US Dollar Outshines Euro, British Pound Amid Anticipated FED Meeting


In anticipation of Federal Reserve Chair, Jerome Powell’s highly anticipated speech, which investors believe would provide hints on the U.S. central bank’s tightening plans, the dollar clung to recent gains against the euro and pound sterling on Friday.

After attempting to break back above parity versus the greenback numerous times this week without success, the euro was scarcely moved in Asian trade at $0.9971. At the start of the week, it dipped below that critical psychological level.

At $1.1821, the pound was down 0.14% from the more than two-year low of 1.1718 it reached earlier in the week.

The announcement later in the day by Britain’s energy regulator of a staggering increase in the cap on energy prices, which will further boost inflation in the already fragile British economy, could act as a catalyst for the pound. A price cap that is determined every three months transfers fuel price rises to British consumers.

US Dollar Outshines Euro, British Pound Amid Anticipated FED Meeting

The dollar index, which compares the value of the dollar to six important rival currencies, was at 108.5, on track to post a weekly gain of 0.38%, and was already up 2.5% in August.

FED’s possible interest rate hike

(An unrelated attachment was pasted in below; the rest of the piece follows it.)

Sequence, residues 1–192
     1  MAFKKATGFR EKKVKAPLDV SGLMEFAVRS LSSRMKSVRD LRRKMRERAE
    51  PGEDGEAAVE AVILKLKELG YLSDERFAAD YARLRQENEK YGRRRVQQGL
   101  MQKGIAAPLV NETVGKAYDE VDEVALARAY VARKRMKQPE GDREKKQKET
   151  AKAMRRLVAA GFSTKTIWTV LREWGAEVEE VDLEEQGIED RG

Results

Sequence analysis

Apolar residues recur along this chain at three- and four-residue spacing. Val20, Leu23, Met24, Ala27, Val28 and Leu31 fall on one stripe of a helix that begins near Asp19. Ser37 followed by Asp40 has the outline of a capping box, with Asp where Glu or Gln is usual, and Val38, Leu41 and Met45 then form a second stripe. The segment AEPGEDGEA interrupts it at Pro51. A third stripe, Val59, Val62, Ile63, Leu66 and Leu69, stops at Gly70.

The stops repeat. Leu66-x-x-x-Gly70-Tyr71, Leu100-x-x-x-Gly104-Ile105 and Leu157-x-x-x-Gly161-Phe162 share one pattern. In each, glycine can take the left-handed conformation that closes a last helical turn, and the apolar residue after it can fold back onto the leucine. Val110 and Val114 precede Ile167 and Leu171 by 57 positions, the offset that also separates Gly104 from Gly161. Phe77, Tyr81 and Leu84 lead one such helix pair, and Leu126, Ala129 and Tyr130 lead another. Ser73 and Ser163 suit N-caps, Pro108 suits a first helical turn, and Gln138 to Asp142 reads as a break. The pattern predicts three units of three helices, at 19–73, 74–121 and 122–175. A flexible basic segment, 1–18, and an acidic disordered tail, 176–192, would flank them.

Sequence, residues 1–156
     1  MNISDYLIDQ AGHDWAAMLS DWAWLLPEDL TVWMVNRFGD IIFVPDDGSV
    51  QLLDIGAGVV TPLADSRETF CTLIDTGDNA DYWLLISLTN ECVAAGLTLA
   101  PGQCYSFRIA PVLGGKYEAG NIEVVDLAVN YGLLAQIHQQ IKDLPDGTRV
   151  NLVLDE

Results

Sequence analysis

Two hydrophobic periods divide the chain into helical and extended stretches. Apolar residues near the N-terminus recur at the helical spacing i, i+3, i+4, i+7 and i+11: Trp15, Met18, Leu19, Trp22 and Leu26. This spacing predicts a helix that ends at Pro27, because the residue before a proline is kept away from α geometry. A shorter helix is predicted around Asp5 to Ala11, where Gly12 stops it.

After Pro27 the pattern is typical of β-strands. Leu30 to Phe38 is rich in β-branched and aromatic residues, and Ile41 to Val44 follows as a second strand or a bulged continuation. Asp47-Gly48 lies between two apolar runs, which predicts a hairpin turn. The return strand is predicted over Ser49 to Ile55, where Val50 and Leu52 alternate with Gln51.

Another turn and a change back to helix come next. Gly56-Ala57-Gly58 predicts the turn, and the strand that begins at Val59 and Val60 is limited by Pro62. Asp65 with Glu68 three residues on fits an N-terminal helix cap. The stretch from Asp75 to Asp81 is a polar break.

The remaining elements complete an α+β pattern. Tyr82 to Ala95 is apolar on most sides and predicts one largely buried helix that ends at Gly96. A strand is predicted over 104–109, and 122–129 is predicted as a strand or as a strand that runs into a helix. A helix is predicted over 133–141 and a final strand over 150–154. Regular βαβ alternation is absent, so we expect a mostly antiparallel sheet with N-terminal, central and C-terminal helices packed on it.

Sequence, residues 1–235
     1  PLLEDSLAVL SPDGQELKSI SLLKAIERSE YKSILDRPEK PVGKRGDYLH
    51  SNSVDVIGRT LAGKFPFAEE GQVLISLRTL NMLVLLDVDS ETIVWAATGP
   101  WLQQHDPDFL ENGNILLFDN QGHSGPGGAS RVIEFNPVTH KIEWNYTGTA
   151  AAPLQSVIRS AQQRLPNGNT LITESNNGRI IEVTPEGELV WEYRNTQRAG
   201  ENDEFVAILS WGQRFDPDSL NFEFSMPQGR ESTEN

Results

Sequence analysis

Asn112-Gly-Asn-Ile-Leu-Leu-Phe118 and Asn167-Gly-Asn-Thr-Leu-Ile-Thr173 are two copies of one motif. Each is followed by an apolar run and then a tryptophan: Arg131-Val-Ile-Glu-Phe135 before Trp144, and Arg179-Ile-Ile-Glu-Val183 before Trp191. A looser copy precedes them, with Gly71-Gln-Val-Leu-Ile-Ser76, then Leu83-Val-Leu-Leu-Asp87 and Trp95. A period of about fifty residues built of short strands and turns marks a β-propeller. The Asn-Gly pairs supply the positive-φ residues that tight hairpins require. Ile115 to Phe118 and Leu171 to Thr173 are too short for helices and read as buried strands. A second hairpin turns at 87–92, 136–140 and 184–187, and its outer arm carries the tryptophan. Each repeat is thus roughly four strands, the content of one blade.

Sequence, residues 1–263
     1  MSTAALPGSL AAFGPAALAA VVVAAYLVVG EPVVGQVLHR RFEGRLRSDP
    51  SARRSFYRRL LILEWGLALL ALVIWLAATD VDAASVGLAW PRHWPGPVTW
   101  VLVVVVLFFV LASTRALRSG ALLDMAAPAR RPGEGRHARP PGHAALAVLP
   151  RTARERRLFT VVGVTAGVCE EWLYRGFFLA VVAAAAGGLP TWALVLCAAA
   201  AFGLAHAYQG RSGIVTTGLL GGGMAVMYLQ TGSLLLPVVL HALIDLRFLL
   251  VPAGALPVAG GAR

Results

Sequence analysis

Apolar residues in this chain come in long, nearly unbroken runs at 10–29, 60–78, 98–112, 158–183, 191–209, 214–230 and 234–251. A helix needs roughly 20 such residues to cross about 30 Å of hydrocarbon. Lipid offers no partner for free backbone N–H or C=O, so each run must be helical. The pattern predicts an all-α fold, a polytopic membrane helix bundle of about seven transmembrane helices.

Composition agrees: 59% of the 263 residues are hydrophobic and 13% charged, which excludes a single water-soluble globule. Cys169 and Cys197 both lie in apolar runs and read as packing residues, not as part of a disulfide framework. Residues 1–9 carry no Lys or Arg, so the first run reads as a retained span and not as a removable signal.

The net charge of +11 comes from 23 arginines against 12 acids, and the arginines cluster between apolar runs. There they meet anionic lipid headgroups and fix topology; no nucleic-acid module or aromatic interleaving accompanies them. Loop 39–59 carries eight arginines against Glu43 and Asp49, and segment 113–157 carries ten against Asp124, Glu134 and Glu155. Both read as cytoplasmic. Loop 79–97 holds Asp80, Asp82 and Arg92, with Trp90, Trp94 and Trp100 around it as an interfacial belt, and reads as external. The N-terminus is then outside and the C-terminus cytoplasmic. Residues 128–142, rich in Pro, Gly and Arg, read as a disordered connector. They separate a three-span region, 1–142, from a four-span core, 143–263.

At 1400 GMT, Powell will deliver a speech at the Jackson Hole symposium, and investors will be watching for any indication of how quickly the Fed still intends to hike interest rates.

  • In recent weeks, policymakers have emphasized how crucial it is for the Fed to bring inflation under control.
  • Neel Kashkari, president of the Minneapolis Federal Reserve Bank, stated on Tuesday that his greatest concern is that the U.S. central bank would underestimate the scope and duration of price pressures and will need to implement even more aggressive rate hikes in order to combat inflation.
  • Investors will also be watching Powell to see if his remarks on the long-term picture will cause markets to reverse their bets on monetary easing in 2023, which would support the dollar.
  • Markets are presently pricing in rate cuts later that year on the assumption that policymakers will be more concerned about the slowing economy than rising inflation by then, and they are positioning U.S. rate hikes to peak this year or right at the start of next year.
  • While the Australian dollar has been doing better against the battered European currencies, it nevertheless dropped 0.27% and went back below the psychological level of $0.7. At 136.81 against the dollar, the Japanese yen slipped lower.